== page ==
Monroe was the Jaguars’ eighth-overall pick in 2009 and spent his first four-plus years in Jacksonville. Despite the Jaguars’ struggles this season and the fact that they drafted a left tackle second overall in April, Monroe still didn’t anticipate a trade.
“I was like, ‘You’ve got to be kidding me,’” Monroe said Thursday before his first practice with the Ravens. “It’s an exciting change for me. I’m definitely glad to be here, glad that I was sought out and definitely appreciative of that.”
Landing in Baltimore is sweet on multiple levels for Monroe.
He’s going from a team that won two games last year to one that won the Super Bowl. The Jaguars are winless this year. The Ravens are tied for first place in the AFC North.
He’s stepping into a left tackle position where he’s badly needed. The Ravens are focused on getting the run game jump started and protect quarterback
Monroe’s wife is from Columbia, Md., so it’s a smooth move for the family too.
Now Monroe doesn’t want to leave.
He’s in the final year of his contract, and slated to be a free agent at the end of this season. Eugene read into the Ravens’ dealing of two draft picks as a sign they want him to stay beyond this year. General Manager Ozzie Newsome had never made a midseason trade before, and hates giving away draft picks.
“It doesn’t look like they brought me here the way they did to not have me here for the long term,” Monroe said. “I have to do my thing on the field, prove that I deserve this opportunity, which I’m fully confident I will.”
Monroe won 22 games in Jacksonville during his four years and four weeks. During that same time, the Ravens have won 50 games.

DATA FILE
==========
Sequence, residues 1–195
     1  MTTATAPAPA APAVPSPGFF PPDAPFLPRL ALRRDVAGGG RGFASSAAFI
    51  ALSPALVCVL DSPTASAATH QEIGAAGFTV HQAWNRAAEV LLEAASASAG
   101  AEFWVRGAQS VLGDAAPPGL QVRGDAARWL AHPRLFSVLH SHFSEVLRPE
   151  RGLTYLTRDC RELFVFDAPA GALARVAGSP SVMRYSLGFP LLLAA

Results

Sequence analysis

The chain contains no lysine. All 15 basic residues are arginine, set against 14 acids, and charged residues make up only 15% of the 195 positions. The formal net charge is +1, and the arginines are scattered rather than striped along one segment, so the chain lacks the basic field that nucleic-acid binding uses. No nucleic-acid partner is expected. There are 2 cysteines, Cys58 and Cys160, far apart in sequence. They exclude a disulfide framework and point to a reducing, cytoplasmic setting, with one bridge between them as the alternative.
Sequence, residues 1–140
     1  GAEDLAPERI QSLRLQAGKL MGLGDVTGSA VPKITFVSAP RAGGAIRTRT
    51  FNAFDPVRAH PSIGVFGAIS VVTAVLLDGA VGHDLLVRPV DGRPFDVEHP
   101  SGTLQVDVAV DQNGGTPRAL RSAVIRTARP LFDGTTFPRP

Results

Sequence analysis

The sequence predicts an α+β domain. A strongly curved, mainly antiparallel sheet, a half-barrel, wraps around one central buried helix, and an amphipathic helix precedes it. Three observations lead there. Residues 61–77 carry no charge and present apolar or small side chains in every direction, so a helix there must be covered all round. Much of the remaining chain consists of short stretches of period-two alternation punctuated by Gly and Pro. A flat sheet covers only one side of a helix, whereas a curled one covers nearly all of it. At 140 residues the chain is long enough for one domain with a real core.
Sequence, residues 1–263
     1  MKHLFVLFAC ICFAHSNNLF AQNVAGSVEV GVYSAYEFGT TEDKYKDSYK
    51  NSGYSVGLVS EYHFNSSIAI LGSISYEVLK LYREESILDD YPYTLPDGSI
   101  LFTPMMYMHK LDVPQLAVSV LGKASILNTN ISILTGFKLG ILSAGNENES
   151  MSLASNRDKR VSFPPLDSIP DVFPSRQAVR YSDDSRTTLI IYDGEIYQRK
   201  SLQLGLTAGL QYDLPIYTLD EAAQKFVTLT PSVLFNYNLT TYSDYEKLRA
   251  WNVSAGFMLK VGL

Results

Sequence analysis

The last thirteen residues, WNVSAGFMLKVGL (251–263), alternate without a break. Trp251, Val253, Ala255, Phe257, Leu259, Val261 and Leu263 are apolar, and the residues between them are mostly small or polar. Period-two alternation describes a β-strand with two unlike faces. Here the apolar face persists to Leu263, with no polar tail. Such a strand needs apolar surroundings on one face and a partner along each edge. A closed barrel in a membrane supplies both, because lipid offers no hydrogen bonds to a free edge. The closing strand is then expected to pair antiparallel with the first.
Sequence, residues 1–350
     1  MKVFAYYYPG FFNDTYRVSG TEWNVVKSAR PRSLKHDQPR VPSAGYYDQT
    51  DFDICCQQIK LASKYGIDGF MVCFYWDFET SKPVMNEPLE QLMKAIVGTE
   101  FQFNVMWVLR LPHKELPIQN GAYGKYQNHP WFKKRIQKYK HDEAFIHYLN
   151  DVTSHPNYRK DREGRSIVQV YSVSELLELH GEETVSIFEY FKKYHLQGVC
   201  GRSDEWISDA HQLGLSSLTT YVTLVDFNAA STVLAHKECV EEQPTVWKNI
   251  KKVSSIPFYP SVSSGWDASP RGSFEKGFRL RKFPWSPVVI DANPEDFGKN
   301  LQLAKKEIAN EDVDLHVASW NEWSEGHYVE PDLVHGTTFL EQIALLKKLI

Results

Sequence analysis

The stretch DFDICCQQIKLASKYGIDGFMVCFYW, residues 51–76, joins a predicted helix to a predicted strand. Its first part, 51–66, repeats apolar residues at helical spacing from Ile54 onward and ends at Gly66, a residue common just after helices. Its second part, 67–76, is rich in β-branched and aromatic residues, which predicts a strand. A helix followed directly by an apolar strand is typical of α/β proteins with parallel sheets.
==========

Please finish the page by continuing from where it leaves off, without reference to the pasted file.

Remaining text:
Monroe said the culture of winning is unique in Baltimore, and obviously something he hasn’t been around yet during his career. It also provides stability. Monroe has had four different coaches over the past three seasons in Jacksonville.
“It’s definitely a fresh start, refreshing to come to a new environment and new city,” Monroe said.
Now the biggest challenge for Monroe is to get up to speed with the Ravens’ offensive system in an effort to play this Sunday in Miami, which will be difficult.
He’s in good enough shape to play considering he was starting in Jacksonville and had no issues with his physical when arriving in Baltimore. It’s a mental game now.
Monroe must learn the Ravens’ terminology for their play calls, audibles and other checks on the offensive line. There’s a lot of communication on the line, so that’s something he must quickly get up to speed on.
“A lot of things on the O-line as far as techniques and assignments have some similarities,” Monroe said. “But speaking a different language, you have to be on the same page with the other guys or it’s not going to be a good outcome.”
Offensive Coordinator Jim Caldwell said the amount of work Monroe gets in Miami will depend on how quickly he learns this week. He said he’s a bright young man from a great background, and could possibly have a limited role.
Caldwell had to plan for Monroe twice a year when he was coaching in Indianapolis. He said pass rushers Dwight Freeney and Robert Mathis respected Monroe quite a bit.
“He did such a tremendous job against those guys,” Caldwell said. “We’re happy to have him. He’s a great young man with an abundance of talent and we’re anxious to put him to work.”